Climate Art and Bridgepoint Rye, in collaboration with Sussex Wildlife Trust, are delighted to announce a multidisciplinary residency for artists, creative practitioners, and environmental researchers to work on a site-responsive project during a three-month residency at Bridgepoint Creative Centre in Rye, East Sussex.
The residency will take place in April – June 2021.
The programme – A Vanished Sea (Without a Trace) – has been generously supported by Bridgepoint Rye and the Kowitz Family Foundation.
ABOUT THE RESIDENCY
The picturesque ruin of Camber Castle lies peacefully amid stretches of marshland over 1.5 km from the coast. It seems hard to believe that the splashing of the sea was once a constant sound here, rather than the bleating of sheep. Built on a shingle spit during Henry VIII’s rule, Camber Castle used to be an elaborate artillery fortification designed to defend the harbour and the towns of Rye and Winchelsea. Less than a hundred years after its completion, however, it was decommissioned – the receding sea left the castle inland, stranded and useless.
During the residency, participants are invited to explore the broad themes of transience, ephemerality and perishability. From species extinction and habitat destruction to the impermanence of our familiar way of life, the discussion of these subjects has already become a part of our everyday conversations as we reflect on the changes forced upon us by the Covid-19 pandemic. Is a more nuanced understanding of transience a cause for resignation or an invitation to transform the relationship between human beings and other species?
The programme – A Vanished Sea (Without a Trace) – will see 3 UK-based practitioners develop their site-responsive projects during a three-month residency at Bridgepoint Creative Centre located in Rye, East Sussex. Residents will also have access to Sussex Wildlife Trust’s sites located in Rye and an opportunity to work with the organisation’s staff and volunteers.
Unexpected equivalences—between predator drones and green screens, disco balls and hellfire missiles, nightclubs and war zones—often lie at the heart of Alistair Debling’s research-based practice. Though his work pursues diverse lines of inquiry, from queer nightlife and ecology to the military-industrial-complex and its architectures, he is continually drawn to the question of what it means to survive. In the context of a global pandemic, amid ecological breakdown and perpetual remote-controlled warfare, he asks: what might survival look like?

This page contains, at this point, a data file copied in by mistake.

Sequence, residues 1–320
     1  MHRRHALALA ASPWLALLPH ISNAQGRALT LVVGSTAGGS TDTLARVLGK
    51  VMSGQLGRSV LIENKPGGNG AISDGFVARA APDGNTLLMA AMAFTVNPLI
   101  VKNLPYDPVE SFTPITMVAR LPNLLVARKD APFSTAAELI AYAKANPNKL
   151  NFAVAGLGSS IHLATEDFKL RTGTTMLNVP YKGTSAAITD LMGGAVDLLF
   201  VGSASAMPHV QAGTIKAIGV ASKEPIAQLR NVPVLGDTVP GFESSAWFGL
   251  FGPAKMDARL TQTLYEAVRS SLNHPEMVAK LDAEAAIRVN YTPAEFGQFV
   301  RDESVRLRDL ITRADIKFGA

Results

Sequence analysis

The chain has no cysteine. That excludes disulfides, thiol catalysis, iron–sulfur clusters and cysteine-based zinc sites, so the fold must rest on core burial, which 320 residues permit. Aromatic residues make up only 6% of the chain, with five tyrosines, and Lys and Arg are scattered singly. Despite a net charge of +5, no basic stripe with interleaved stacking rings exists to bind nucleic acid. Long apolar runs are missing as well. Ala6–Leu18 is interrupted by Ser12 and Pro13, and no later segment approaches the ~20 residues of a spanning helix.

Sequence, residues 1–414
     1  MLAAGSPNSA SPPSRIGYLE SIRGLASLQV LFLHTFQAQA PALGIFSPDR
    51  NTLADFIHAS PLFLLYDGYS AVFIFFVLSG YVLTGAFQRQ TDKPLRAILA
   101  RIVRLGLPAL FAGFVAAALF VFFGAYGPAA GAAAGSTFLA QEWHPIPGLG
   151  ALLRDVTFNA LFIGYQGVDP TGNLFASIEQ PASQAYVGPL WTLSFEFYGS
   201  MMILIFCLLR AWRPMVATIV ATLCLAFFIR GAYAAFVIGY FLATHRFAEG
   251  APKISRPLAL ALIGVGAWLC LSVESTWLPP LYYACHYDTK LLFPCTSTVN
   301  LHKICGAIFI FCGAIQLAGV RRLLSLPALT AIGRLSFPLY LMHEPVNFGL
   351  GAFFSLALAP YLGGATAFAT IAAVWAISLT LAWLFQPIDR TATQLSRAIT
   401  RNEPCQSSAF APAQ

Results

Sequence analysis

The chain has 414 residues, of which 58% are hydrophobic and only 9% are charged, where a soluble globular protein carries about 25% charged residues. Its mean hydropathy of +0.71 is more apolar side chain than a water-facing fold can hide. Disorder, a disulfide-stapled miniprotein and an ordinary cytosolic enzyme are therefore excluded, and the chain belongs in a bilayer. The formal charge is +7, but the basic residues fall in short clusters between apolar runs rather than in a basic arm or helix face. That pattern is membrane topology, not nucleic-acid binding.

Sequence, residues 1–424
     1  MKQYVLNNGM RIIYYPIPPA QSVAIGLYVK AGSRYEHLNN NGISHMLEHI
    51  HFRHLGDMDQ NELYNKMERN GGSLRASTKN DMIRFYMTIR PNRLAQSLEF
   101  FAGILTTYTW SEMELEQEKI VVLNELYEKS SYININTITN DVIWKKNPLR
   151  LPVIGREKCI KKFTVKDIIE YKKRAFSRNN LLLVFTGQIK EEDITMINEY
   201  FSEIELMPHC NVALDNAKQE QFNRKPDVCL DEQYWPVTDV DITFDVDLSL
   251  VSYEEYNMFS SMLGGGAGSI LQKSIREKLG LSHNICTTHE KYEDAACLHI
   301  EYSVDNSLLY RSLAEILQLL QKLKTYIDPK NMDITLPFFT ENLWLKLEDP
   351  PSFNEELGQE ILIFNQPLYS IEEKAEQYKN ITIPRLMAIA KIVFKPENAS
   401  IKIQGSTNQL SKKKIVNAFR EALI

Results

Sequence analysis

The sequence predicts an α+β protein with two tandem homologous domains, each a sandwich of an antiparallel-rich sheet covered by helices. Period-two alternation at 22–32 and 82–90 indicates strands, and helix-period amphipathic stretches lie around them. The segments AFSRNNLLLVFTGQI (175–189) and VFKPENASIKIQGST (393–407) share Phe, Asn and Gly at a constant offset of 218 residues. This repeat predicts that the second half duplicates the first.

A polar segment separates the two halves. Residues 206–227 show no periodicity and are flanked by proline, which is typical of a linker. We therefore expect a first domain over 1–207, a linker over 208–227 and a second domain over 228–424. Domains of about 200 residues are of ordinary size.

With an experimental approach to form, Debling’s practice encompasses a broad range of time-based media, from video installation and live performance to alternative eco-film processes and AI-generated imagery. His work has been presented by the Whitney Museum of American Art (New York), Hauser and Wirth (Somerset) and the National Theatre of Great Britain (London). He has won support from the Goethe Institut and the British Council and has been awarded the Red Mansion Prize (2018), Erna Plachte Award (2017) and the Louis Sudler Prize (2016).
Mo is a multi-disciplinary environmentalist in the movement for climate justice. Her background in environmental biology wholly informs her creative practice and Mo often combines scientific methods with artistic communication to connect communities to weird and wonderful elements of nature. Her focus is always on the hyper-local - it's wrong to assume that people growing up inner city can connect with melting ice caps in Antarctica. Her project 'Mapping Greenness' used a giant helium balloon to map, analyse and artistically respond to greenspace in the public realm in Nottingham. Art is the best tool for creatively imagining a future where humans and nature live symbiotically. Once we imagine, we have something to work towards. And this has never been more important.